Tim LaHaye’s World: We’re Living In It

The whipcrack of agon has lashed America’s 2016, and Tim LaHaye has died.

The extraordinarily influential evangelical remains best known for his co-authorship of the Left Behind novels, ubiquitous between the Clinton and Bush administrations. But LaHaye not only lived through several different Americas in his 90 years, he helped shape our present moment. On the face of it, this seems an obvious, water-is-wet-ish thing to say about a public figure. But LaHaye did more than simply contribute to public discourse, or propose a particular religious perspective; he help facilitate a way of seeing the world, of being in the world, that will long outlive him.

LaHaye’s death has already been met with wave upon wave of opinion pieces pointing to his body as evidence of—no really, it’s definitely going to happen this time—the death of the Christian Right, or the decline of the aging white male conservative. Whether or not that comes to be (and while everyone knows where the demographics have long been pointing, I have my doubts about the conceptual change we are told will accompany this shift), LaHaye’s style of seeing a particular reality into being is going nowhere, precisely because the conditions they had a part in shaping seem so final, so unshakable.

It is also difficult to avoid appraising LaHaye’s public life outside those many proclamations that Donald Trump is the candidate America deserves, or that his Tweet-storm rallies marry 1980s Gecko greed with old-school doomsaying. In this, people say on their social media or pundits in their columns and airtime, Trump is the natural outgrowth of disaffected post-working class isolationism combined with Reagan-era economics.

Those characterizations might be partly true but they fail to capture some of the more lasting features of this America, an America whose several discreditings and multiform rage has left all watching scrambling to find an account of things that would make sense of institutional racism, gunplay, Islamophobia, Bernie Bros, email scandals, and whatever is coming next. But that notion, the firm belief that an unseen yet deeply felt cataclysm—or, in Trump’s phrasing, “there’s something going on”—is precisely what has become standard political fare in recent decades, building on earlier iterations of the apocalyptic and the conspiratorial to become the mundane.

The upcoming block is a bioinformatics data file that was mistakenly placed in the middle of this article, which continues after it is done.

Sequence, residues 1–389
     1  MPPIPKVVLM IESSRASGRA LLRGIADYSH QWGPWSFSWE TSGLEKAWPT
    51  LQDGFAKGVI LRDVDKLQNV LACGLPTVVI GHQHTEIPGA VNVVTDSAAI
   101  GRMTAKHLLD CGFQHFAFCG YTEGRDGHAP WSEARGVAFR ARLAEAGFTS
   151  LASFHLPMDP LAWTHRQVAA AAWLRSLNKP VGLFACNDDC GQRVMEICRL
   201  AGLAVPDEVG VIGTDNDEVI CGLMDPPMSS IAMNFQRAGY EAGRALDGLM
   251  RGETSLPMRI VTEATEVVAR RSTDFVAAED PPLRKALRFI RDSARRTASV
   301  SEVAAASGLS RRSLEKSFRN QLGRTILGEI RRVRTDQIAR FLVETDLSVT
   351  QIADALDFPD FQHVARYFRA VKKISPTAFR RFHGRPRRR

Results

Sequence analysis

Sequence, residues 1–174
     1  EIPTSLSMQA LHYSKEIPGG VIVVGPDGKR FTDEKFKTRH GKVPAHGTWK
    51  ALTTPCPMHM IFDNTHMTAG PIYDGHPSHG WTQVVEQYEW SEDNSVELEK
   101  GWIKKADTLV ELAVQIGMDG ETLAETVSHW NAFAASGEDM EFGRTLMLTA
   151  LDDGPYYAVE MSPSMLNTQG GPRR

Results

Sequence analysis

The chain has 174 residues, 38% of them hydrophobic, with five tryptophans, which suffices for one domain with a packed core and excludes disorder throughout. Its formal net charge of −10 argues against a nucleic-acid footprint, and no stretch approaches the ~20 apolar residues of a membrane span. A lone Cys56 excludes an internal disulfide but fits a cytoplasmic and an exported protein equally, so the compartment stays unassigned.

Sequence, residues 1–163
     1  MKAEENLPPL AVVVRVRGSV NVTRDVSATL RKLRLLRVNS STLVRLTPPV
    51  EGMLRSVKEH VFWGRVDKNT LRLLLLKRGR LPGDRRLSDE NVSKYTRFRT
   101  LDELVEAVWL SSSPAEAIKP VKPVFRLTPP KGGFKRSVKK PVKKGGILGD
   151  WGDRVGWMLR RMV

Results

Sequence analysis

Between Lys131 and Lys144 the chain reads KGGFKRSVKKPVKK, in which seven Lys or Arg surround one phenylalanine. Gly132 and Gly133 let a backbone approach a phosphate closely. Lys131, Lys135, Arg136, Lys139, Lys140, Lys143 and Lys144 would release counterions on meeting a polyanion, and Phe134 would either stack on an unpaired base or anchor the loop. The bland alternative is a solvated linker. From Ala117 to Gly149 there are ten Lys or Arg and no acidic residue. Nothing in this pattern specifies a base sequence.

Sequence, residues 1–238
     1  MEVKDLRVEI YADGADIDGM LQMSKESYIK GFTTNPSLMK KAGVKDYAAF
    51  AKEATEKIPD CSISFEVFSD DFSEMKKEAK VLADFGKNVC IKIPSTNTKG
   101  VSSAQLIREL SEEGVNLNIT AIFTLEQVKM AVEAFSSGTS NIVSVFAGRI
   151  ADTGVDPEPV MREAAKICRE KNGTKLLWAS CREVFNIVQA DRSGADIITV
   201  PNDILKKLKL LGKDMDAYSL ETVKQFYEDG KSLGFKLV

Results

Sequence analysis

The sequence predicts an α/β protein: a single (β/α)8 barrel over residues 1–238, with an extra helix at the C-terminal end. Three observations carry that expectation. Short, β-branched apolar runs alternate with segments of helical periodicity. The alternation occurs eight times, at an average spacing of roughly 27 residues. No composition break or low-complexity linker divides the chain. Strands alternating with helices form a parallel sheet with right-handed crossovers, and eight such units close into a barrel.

I am not claiming that the things LaHaye built and did and wrote have had some kind of causal role in any of the actual events swirling in this agonistic America. But we live in Tim LaHaye’s world.

The facts of his life are well-known. Detroit-born, WWII vet, Bob Jones grad, LaHaye ultimately emerged from the finishing school of far-right Cali politics in the early 1960s, populated by rocket scientists, Goldwater anti-feds, Birchers, and conspiracy wonks.

In a land of almost alien brightness, LaHaye was a kind of first responder to a series of Supreme Court decisions—most obviously Engel v. Vitale and Abington School District v. Schempp, although Randall Balmer and others have insisted that the lingering disorientation of Brown and desegregation cannot be ignored—that reshaped American education (for the worse, according to LaHaye and many others). He established first a separate school, then a separate school system, then colleges and other institutions, in the process proving himself to be an architect of curriculum debates that would shape the 1970s and 1980s.